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Speaking the Language of Beauty

By: Kevin Marshall
Posted: June 1, 2012, from the June 2012 issue of GCI Magazine.

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Of course, a fragrance bottle needs to effectively represent the fragrance it contains, but it also needs to provide the brand team with an appropriate platform on which to build a total sensorial experience, across many consumer touch points if need be. A tall order, but the good news is that when it’s done well, consumers respond. According to Karen Young, president of The Young Group, the prestige fragrance sector was on the rebound in 2011, with U.S. business back up to pre-recession levels (at approximately $2.79 billion). And while total global unit fragrance consumption (in prestige and mass) was still down in 2011 compared to the 1990s, fine, prestige and mid-tier fragrance markets all showed signs of growth.

Fueling the Upsurge

What’s fueling this upsurge? Newness, as always, is driving the market, but celebrity fragrances, in particular, had a very strong showing in 2011 (the category grew, according to some analysts, approximately 57% in prestige in 2011). As one would expect with celebrity-based brands, innovative, on-point packaging is a major factor in creating an impactful fragrance experience—especially when a star’s name is fronting the program. Needless to say, it’s imperative to inherently capture a celebrity’s DNA when creating her bottle. The package design and full spectrum of branding elements must represent who this person is as an artist and personality, otherwise it will lack credibility and authenticity. It must speak the language of beauty as well.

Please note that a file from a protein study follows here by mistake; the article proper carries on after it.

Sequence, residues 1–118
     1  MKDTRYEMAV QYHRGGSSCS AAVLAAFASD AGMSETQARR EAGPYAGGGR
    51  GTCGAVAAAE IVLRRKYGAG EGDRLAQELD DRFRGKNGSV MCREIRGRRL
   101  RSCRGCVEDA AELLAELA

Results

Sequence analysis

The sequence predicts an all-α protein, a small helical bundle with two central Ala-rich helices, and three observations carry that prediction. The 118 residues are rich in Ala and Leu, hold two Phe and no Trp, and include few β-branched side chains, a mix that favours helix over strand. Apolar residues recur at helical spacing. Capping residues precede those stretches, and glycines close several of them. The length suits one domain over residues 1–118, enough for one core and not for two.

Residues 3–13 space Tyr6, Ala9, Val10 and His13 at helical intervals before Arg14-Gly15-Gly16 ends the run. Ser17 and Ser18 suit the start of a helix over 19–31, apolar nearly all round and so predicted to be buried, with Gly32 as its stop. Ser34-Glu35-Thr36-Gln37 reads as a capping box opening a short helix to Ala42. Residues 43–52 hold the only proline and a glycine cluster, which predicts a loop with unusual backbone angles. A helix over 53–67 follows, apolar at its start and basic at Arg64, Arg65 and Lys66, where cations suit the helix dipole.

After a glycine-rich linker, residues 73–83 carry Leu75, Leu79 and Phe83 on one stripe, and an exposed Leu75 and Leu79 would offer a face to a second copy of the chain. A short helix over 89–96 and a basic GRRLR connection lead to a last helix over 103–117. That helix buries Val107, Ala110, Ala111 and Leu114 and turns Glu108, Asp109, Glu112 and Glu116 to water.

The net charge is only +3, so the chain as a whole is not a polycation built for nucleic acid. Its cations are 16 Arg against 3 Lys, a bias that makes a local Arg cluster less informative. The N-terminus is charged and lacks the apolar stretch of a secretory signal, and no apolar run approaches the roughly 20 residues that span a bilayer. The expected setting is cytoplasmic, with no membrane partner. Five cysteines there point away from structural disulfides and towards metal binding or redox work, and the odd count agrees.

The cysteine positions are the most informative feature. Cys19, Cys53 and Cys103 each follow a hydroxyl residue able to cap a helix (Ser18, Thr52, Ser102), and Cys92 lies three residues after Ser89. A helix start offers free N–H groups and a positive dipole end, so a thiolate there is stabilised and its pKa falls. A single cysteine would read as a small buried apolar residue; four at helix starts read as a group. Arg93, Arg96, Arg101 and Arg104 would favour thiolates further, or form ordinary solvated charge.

Recent standouts in this category are Beyonce’s Pulse and Madonna’s Truth or Dare. The Pulse packaging is strong, tall and striking. The bottle stands inverted on its cap, which is executed in sharp, shiny silver and reminiscent of a dramatic gown or cape the singer might wear onstage. It’s a great marriage of theater, attitude and celeb appeal. The bottle is memorable, and equally important, it beckons the consumer to pick it up and try the product.

Madonna is known for her vast collection of perfumes and genuine interest in fragrance, and word has it she collaborated heavily in the creation of her Truth or Dare line. The packaging is contemporary and sexy, and possesses a rich, albeit minimal, color palette of white and gold. Part of the program rationale was to create something that reflects the provocative duality in human nature—and the bottle does just that by striking a balance between sophistication and edginess (the studded cap and bottle certainly add to the edginess). Like Madonna, the bottle seems to send multiple, often dichotomous messages simultaneously—which is exactly the point.

Other notables are Justin Bieber’s Someday, which has amazing market presence due not in small part to his existing fanbase and the brand’s savvy use of multiple media outlets, and Taylor Swift’s Wonderstruck, which makes good use of new decoration technology, namely a holographic/iridescent overspray and tint technique perfected by SGD.